Last year, only 25 real-time payment systems were operational worldwide — that number is growing rapidly. By September of this year, 40 such rails were live, with 16 more expected to launch by early 2020.
Demand is also heating up for real-time gross settlement (RTGS) systems. Countries like Norway and Sweden already have systems in place, and Denmark recently joined the club, with Iceland soon to follow. The governor of the Federal Reserve is pushing conversations on getting an RTGS system in the U.S., too.
In the November Faster Payments Tracker™, PYMNTS details the latest payments system debuts and updates.
Even as the U.S. expresses interest in a new RTGS system, financial players in the country are also working to improve existing schemes.
Recently, NACHA — The Electronic Payments Association approved three new rules to update Same Day ACH services. The changes, which are to be implemented in 2019 and 2020, would expand the daily time limit for submitting transactions to the network, make funds for some Same Day and next-day ACH transactions available more quickly, and increase the dollar limit on Same Day ACH transactions.
Meanwhile, Early Warning Services’ Zelle network is also getting more robust. The network processed $28 billion in payments during Q2 2018 and can expect that traffic to rise as it adds new participants. Fiserv recently announced that it had helped onboard five more financial institutions (FIs) onto the network.
SWIFT also recently rolled out a new initiative, one aimed at connecting real-time payment systems. The financial messaging service announced in late October that its near-instant, cross-border payments proof of concept performed successfully in tests. The proof of concept enables domestic real-time schemes to process payments made via SWIFT’s global payments innovation (gpi) system, and it enables cross-border payments to be processed outside of traditional business hours.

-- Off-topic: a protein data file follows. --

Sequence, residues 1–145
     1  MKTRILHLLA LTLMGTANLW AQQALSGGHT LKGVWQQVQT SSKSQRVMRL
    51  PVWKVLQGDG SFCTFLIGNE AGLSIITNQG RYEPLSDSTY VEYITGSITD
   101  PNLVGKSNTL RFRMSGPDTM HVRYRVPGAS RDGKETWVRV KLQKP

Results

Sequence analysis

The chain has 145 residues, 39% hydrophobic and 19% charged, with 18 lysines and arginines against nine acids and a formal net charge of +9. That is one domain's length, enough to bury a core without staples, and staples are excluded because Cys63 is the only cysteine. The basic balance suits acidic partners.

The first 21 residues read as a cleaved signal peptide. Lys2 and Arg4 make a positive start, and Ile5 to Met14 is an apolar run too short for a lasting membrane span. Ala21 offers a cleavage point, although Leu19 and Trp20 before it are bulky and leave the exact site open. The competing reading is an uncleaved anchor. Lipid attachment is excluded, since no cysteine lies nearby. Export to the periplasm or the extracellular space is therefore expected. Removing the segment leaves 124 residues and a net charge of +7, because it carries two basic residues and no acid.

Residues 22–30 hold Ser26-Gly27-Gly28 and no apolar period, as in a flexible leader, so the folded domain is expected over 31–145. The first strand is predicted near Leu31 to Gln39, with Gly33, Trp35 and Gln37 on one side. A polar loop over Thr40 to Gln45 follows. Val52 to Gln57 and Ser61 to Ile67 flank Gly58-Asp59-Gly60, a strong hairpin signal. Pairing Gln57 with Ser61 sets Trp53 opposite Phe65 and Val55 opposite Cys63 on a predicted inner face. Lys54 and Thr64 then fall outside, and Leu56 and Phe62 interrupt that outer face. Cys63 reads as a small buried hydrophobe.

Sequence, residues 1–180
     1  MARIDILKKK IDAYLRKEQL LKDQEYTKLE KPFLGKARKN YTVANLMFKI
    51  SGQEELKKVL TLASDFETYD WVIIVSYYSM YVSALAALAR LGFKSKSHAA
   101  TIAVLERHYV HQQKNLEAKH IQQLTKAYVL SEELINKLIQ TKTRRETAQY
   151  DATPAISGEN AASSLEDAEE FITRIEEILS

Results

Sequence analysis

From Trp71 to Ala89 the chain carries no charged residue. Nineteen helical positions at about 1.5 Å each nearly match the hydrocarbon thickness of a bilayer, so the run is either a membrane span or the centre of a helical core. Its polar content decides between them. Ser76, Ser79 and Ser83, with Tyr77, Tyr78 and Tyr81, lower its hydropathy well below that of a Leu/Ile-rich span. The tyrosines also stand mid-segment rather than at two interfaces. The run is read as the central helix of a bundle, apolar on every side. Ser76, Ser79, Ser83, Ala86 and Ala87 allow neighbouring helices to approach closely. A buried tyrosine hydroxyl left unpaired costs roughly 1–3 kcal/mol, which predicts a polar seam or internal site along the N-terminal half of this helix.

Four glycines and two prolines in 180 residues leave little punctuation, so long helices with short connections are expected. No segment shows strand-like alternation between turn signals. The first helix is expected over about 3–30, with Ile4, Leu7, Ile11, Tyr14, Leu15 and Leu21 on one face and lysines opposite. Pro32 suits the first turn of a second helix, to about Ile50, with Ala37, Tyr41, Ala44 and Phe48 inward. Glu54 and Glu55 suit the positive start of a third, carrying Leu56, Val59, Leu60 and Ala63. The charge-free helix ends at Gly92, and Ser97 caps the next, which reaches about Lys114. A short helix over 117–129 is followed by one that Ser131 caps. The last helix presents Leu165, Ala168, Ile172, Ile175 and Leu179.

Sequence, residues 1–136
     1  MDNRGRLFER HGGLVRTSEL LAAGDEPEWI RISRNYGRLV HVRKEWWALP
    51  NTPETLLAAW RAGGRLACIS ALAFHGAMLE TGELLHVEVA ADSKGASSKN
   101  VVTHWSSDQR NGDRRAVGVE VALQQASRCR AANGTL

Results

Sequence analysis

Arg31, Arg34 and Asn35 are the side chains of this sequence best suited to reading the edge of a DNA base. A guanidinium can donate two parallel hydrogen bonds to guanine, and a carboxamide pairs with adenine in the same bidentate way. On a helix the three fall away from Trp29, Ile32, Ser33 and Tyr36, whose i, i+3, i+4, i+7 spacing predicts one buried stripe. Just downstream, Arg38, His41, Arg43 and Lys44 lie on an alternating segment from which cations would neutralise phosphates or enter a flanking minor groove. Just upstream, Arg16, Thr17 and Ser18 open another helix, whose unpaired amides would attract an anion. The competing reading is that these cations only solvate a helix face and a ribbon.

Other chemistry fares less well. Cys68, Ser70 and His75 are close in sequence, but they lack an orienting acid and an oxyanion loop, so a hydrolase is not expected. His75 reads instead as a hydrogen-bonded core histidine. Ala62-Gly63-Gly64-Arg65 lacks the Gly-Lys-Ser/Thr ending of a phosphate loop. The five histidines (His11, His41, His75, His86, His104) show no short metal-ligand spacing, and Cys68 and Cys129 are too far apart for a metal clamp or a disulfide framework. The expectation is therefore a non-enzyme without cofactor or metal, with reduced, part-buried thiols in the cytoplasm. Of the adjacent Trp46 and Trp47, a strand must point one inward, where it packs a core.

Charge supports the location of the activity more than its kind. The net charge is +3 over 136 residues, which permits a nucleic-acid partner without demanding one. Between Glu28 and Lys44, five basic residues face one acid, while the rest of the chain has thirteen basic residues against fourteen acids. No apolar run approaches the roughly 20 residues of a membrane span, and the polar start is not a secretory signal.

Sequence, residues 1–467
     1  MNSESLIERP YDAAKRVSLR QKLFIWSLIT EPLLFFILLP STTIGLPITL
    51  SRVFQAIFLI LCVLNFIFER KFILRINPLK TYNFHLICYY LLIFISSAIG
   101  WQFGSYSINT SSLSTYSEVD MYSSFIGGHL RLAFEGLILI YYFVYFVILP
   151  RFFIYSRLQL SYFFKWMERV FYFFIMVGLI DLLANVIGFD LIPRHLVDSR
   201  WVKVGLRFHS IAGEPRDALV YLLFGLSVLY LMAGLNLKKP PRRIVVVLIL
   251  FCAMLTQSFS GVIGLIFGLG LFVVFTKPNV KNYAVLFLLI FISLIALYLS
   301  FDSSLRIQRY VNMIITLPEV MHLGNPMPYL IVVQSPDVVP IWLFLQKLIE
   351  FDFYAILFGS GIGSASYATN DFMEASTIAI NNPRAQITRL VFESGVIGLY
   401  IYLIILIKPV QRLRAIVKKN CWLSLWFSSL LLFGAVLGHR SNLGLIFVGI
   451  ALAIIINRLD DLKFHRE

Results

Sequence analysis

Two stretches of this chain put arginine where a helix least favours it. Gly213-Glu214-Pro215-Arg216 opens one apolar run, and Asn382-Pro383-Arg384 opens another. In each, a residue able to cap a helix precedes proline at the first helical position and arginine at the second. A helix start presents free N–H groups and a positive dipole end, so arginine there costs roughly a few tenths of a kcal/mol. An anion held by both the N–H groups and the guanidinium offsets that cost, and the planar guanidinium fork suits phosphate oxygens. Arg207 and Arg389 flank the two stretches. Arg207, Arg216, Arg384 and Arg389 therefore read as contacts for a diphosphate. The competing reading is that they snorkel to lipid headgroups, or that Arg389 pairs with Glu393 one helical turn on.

While these players work to expand and add capabilities to existing payments networks and systems, other financial players are finding that upgrades don’t go far enough to achieve their needs.Instead, they’re putting in the time and dollars to develop a whole new system.
Such was the case in Hong Kong, where the existing RTGS system was only serving high-value interbank transactions, leaving peer-to-peer (P2P) and consumer-to-business (C2B) payments to languish. These payments were typically only processed during work hours, could take days to clear and came with a price tag of up to HK $200 ($25.50 USD) per transaction.
That changed this September, the Hong Kong Monetary Authority’s (HKMA’s) Faster Payment System (FPS) splashed onto the scene, with promises of speedy and free payments — in Hong Kong dollars and renminbi — for consumers and businesses alike.
Preparing for the system’s launch required FIs to get to work building platforms and preparing APIs that enable their clients to leverage the new rail, according to executives from DBS Bank (Hong Kong) and Standard Chartered Bank. They also had to educate clients on best practices when using the scheme. But all that effort is slated to bring big results. Bank executives said the new system is expected to transform how consumers make small, everyday purchases and bring other changes, including speedier insurance disbursements.
Days shy of the system’s launch, PYMNTS caught up with DBS Bank (Hong Kong) and Standard Chartered Bank to discuss how FPS is likely to change commerce and what it took for the banks to prepare for the system’s launch.
To read the full story, download the Tracker.
The PYMNTS Faster Payments Tracker™ is the go-to resource for staying up to date on faster payment developments and initiatives on a month-by-month basis. The Tracker highlights the contribution of different stakeholders, including institutions and technology providers coming together to make this happen.